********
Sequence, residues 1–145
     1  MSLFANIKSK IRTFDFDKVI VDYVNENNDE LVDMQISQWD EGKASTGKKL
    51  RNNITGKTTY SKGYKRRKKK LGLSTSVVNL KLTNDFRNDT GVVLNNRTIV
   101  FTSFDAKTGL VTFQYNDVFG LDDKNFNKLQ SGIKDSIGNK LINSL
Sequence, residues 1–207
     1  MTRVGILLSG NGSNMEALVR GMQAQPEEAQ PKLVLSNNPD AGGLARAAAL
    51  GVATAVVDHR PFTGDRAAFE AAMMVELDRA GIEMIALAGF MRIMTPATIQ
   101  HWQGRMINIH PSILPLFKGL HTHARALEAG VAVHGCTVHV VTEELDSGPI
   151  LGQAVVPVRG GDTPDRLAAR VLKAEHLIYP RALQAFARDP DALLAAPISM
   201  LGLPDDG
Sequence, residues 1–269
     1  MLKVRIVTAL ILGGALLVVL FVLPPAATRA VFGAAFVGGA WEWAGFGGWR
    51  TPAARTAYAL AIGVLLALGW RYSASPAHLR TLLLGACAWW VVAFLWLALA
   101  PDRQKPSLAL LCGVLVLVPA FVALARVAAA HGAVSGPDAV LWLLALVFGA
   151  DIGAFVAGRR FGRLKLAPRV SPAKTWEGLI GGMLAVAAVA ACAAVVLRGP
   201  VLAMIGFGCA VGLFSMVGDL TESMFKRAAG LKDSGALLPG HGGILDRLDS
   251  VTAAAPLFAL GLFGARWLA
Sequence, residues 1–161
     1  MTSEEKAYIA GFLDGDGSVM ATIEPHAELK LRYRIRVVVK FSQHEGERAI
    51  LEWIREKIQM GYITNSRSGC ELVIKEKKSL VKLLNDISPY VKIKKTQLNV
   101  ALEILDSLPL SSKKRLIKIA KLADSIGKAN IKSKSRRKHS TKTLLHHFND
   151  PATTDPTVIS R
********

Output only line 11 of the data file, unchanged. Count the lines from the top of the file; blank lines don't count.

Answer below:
Sequence, residues 1–269